Born in 1913 into a long line of Italian musicians, Norman Dello Joio followed quickly in his family’s footsteps.  His father was an opera coach and organist; by age 12, young Norman was substituting for his father on organ jobs.  He went to Juilliard on scholarship, where he shifted his focus from the organ to composition, studying with Paul Hindemith.  He wrote for a wide range of ensembles and won accolades from all corners of the music world, including a Pulitzer Prize in 1957 and an Emmy in 1965 for his score to the television series The Louvre.  His contributions to the wind band repertoire are significant, and include Scenes From The Louvre, the Variants on a Mediaeval Tune, a set of Satiric Dances, and several other beloved works.  Dello Joio died in 2008 at age 95 having never retired from composition.

Dello Joio on Wikipedia.

Dello Joio’s obituary in the New York Times

Dello Joio’s website.  It’s unfortunately very out of date and looks very much like the early-internet relic that it is.  But it is still an informative look into Dello Joio’s life and work.

Variants on a Mediaeval Tune was written in 1963 on commission from the Mary Duke Biddle Foundation for the Duke University Band.  It consists of a set of five variations on “In dulci jubilo”, a tune that has been treated by composers for centuries.  Each variation is strikingly original in its character and treatment of the tune.

Variants as performed by William Revelli and the University of Michigan Symphonic Band (on my birthday, no less!  12 years before I was born…)

Finally, a little extra information about “In dulci jubilo” from, and some more from a Christmas carol site.  And the most commonly-accepted version of its lyrics, in a mix of Latin and German, and a MIDI file to help you sing along:

1. In dulci jubilo,
Nun singet und seid froh!
Unsers Herzens Wonne
Leit in praesepio,
Und leuchtet als die Sonne
Matris in gremio,
Alpha es et O, Alpha es et O!

2. O Jesu parvule
Nach dir ist mir so weh!
Tröst mir mein Gemüte
O puer optime
Durch alle deine Güte
O princeps gloriae.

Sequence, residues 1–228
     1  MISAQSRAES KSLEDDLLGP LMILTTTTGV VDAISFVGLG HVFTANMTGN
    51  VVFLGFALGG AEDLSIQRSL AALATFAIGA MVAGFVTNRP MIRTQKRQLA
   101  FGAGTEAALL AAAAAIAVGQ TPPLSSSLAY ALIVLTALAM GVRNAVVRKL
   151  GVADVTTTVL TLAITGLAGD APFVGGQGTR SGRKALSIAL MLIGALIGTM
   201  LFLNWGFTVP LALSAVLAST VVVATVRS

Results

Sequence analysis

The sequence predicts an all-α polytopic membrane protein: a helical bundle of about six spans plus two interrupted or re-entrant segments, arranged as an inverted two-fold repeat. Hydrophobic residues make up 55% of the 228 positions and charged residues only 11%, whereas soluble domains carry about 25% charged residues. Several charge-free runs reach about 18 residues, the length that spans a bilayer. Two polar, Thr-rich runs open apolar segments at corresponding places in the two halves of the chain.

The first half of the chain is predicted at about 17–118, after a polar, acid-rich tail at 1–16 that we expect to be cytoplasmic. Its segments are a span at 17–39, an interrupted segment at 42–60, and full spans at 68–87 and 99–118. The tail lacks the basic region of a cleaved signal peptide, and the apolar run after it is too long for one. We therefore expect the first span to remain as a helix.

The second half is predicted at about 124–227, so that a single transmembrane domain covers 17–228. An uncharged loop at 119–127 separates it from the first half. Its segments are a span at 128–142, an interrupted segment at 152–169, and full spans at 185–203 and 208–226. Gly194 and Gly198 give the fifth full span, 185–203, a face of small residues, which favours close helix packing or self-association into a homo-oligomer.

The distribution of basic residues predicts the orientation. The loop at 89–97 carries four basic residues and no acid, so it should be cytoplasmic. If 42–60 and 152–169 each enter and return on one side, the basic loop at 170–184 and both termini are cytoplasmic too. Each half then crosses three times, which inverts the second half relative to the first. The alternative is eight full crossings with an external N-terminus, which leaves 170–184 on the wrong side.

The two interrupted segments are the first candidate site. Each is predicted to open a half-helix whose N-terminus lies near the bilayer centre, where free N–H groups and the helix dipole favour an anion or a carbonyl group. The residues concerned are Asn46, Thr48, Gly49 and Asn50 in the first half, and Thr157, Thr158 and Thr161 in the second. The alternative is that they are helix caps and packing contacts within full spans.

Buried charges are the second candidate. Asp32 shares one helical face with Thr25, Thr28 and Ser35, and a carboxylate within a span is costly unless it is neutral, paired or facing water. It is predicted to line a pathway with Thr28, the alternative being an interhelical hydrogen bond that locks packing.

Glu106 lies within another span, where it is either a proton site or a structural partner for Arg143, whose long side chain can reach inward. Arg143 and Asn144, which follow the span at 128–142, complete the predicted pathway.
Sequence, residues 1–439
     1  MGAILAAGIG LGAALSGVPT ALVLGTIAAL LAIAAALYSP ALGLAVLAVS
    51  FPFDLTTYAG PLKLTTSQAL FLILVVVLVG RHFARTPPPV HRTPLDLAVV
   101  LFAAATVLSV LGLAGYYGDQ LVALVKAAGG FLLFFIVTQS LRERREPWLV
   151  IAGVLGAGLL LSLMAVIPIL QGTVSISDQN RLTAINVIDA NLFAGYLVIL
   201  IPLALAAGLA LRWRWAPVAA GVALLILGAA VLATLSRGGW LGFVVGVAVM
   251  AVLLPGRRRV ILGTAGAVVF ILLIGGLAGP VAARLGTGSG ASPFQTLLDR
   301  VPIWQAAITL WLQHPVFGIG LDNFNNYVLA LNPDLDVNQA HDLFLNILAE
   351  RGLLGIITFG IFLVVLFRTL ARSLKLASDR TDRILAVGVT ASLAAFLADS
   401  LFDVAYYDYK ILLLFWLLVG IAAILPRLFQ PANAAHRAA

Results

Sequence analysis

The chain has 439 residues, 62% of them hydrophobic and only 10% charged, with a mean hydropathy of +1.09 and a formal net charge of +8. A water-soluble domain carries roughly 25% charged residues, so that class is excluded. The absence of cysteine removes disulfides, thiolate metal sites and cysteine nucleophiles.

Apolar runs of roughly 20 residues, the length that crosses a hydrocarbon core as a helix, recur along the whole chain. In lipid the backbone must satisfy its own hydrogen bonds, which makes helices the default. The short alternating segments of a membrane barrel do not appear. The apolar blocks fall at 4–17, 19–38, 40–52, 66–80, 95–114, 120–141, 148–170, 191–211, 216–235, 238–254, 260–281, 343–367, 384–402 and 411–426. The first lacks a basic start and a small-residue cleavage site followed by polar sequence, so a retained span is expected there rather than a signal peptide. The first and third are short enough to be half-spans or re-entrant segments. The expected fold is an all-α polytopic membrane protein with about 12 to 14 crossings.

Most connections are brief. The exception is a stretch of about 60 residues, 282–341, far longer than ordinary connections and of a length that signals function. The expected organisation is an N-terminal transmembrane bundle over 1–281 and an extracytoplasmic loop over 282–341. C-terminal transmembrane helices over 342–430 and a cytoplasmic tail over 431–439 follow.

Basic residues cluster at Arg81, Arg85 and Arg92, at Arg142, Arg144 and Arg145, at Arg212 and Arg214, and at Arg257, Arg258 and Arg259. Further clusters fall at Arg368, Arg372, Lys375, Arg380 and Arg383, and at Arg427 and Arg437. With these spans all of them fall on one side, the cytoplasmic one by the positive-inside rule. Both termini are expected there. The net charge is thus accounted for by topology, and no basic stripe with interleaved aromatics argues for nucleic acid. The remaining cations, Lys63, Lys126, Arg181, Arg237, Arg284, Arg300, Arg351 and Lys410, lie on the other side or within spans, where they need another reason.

Trahe me post te, Trahe me post te!

3. O Patris caritas!
O Nati lenitas!
Wir wären all verloren
Per nostra crimina
So hat er uns erworben
Coelorum gaudia
Eia, wären wir da, Eia, wären wir da!

4. Ubi sunt gaudia
Nirgend mehr denn da!
Da die Engel singen
Nova cantica,
Und die Schellen klingen
In regis curia.
Eia, wären wir da, Eia, wären wir da!

David Holsinger was born in Hardin, Missouri, December 26, 1945. His compositions have won four major competitions, including a two time ABA Ostwald Award. His compositions have also been finalists in both the DeMoulin and Sudler competitions.

He holds degrees from Central Methodist College, Fayette, Missouri, and Central Missouri State University in Warrensburg. Holsinger has completed course work for a DMA at the University of Kansas. The composer was recently honored by Gustavus Adolphus College with the awarding of a Doctor of Humane Letters Degree for lifetime achievement in composition and the Gustavus Fine Arts Medallion, the division’s highest honor, designed and sculpted by renowned artist, Paul Granlund. Holsinger, as the fourth composer honored with this medal, joins a distinguished roster which includes Gunther Schuller, Jan Bender, and Csada Deak. Holsinger is the Conductor of the Wind Ensemble at Lee University, in Cleveland, Tennessee.

(short biography courtesy

Some more of my own thoughts on Holsinger: he is nothing if not a prolific composer for band. While he has his ocassional tics (ostinatos, an “everything including the kitchen sink” approach to percussion), his music is consistently thrilling to play. His faster pieces blaze by in a whirlwind of excitement, and his slower numbers are thoughtful and genuinely beautiful. It is for these reasons that he is a favorite of players and audiences alike.

Holsinger has his own website:, which answers really ANY questions you might possibly have about him, including a fascinating testimonial about the search for his birth mother. There is much multi-media content as well, including videos of him ruminating on expressive performance.  Definitely check it out!

Program note on On an American Spiritual (1991) from its publisher, TRN Music.

Study guide from WynnLiterature.

And a complete performance video by the Illiana Wind Ensemble:

On an American Spiritual is a Senior Choice for tubist and arranger Elizabeth Laberge, CUWE class of 2011 (graduating early in December 2010).